Mac Traynham & Shay Garriock | Turkey in the Mountain

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Bruce Molsky Paul Brown Tommy Jarrell

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weekend workshops official website

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United States - Virginia

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Country: Old-Timey Folk: String Band Moods: Mood: Upbeat
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Turkey in the Mountain

by Mac Traynham & Shay Garriock

Powerful banjo/fiddle duets in the strong tradition of Southwest Virginia by two former first place winners of the Appalachian Stringband Festival held near Clifftop WV. Also classic songs favorites of the original mountain people.
Genre: Country: Old-Timey
Release Date: 

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  Song Share Time Download
1. Jordan is a Hard Road
2:06 $0.99
2. Shootin Creek
2:38 $0.99
3. Troubles
1:34 $0.99
4. Georgia Row
2:42 $0.99
5. Joke and Henry
2:29 $0.99
6. Wagon Tire Tightener
2:41 $0.99
7. Bonaparte\'s Retreat
3:23 $0.99
8. Chicken in a Bread Tray
2:13 $0.99
9. Georgie
1:31 $0.99
10. Uncloudy Day
4:26 $0.99
11. Die in a Field of Battle
2:16 $0.99
12. Possum Trot
2:25 $0.99
13. Turkey in the Mountain
2:10 $0.99
14. Big Eyed Rabbit
1:59 $0.99
15. Mockingbird
2:16 $0.99
16. Farewell to Thee
2:30 $0.99
17. Tennessee Wagoner
2:14 $0.99
18. The Wreck of Old 97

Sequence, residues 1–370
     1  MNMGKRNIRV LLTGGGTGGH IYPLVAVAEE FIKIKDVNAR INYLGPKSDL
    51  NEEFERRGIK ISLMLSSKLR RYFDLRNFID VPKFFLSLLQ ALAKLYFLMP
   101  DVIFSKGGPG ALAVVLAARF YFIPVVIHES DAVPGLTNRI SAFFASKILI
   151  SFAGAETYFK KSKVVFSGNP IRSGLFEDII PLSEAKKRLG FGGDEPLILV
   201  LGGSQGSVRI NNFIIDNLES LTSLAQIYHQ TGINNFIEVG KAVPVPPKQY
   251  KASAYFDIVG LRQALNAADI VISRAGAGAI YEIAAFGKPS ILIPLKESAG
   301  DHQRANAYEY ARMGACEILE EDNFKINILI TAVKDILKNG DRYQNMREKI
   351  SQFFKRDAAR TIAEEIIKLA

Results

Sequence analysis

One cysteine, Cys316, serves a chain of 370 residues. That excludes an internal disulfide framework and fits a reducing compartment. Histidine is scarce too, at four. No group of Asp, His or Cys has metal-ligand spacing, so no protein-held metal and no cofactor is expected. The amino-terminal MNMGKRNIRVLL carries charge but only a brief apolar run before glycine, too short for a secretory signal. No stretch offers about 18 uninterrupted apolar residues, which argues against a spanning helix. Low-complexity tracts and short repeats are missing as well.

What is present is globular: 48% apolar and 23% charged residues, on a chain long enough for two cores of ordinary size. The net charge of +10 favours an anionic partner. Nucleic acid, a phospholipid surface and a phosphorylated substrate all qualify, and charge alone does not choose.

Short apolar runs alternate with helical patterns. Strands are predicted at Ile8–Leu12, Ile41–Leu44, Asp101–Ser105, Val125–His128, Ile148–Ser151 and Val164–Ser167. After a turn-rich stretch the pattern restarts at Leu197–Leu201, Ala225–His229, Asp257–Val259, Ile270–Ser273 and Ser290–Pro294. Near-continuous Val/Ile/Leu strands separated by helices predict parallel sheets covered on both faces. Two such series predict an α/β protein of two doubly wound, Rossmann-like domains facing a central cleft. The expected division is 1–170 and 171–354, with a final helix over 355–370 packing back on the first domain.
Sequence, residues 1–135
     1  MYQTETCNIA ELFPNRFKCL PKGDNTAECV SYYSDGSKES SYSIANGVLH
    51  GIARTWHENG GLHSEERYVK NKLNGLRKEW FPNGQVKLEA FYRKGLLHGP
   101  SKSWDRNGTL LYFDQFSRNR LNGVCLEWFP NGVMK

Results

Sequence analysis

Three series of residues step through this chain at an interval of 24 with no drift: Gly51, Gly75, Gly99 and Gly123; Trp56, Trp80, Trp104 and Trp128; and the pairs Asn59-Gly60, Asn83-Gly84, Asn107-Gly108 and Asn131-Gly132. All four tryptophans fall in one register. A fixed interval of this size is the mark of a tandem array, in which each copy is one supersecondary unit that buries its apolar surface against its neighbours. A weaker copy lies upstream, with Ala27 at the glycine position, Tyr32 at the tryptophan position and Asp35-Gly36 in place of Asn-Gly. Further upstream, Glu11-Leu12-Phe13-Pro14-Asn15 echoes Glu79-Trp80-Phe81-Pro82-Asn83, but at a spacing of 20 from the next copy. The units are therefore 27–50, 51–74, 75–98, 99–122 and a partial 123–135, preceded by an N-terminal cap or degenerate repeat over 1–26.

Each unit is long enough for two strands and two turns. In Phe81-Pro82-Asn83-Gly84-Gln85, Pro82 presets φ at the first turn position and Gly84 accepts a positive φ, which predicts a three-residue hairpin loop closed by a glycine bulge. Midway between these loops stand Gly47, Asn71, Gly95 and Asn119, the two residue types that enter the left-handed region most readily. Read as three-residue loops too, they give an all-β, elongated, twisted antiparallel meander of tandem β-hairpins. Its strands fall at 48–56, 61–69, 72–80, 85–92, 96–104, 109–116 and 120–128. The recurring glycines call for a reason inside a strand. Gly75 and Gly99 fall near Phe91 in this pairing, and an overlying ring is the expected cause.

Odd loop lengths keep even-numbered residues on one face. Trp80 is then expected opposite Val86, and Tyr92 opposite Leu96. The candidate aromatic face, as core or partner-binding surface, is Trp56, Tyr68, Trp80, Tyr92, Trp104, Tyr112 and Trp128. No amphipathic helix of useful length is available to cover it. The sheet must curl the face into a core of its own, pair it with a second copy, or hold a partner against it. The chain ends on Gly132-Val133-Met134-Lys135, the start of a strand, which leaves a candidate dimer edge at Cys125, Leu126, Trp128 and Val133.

4:08 $0.99
19. Ship in the Clouds
2:07 $0.99
20. Flying Indian
2:17 $0.99
21. Little Maggie
3:19 $0.99
22. Walking in the Parlor
2:29 $0.99
Downloads are available as MP3-320 files.


Album Notes
These guys carry the soul of old time music. As the late Tommy Jarrell used to say, they don't just play at it; they play it.

They were raised in Virginia, but well east of the Blue Ridge mountains. Each one went looking for something more genuine and traditional than the modern, contemporary sounds emerging out of country music. They found it in the strong old banjo and fiddle tunes and songs of the southern mountains.

Mac got there first, and he knew he was home. In the late 70's, Mac could  be found on many a Sunday afternoon at Mabry Mill on the Blue Ridge Parkway, playing banjo alongside fiddler Ivan Weddle for the old time flatfoot dancers who gathered there. Mac found that the musicians and dancers interacted, matching rhythms and building a sound together. In learning to play old-time music, Mac felt a strong pull to the older musicians of the region, to their unique versions of songs and tunes, their distinctive fiddle bowings and rhythms and banjo licks.  

Along about 1984, Shay was looking for someone to show him some fiddle. A friend pointed him to Mac. Soon after, the two of them were tooling around the hills together, stopping in on old timers whom they found more than eager to pass along tunes learned from their forebearers. Today, Shay's fiddling manages to be melodic and rhythmic at the same time.  It's direct. You'll find no pretense here. But you'll recognize deep skill and hear an unusual take on any tune. Mac claims that he now learns fiddle from Shay.

And where does that bring us? To what we could call a local sound, even if it's not specific to one tiny community. It's definitely homebuilt, by Mac and Shay. You may know the titles to some of the tunes and songs on this recording, and you may recognize the melodies. But as often as not, you'll also notice that these are special versions, local versions learned from people Mac and Shay have met, people they've heard at fiddlers' conventions, or from old recordings that brought alive for these two young players the musical days and nights of people long passed away. - Paul Brown



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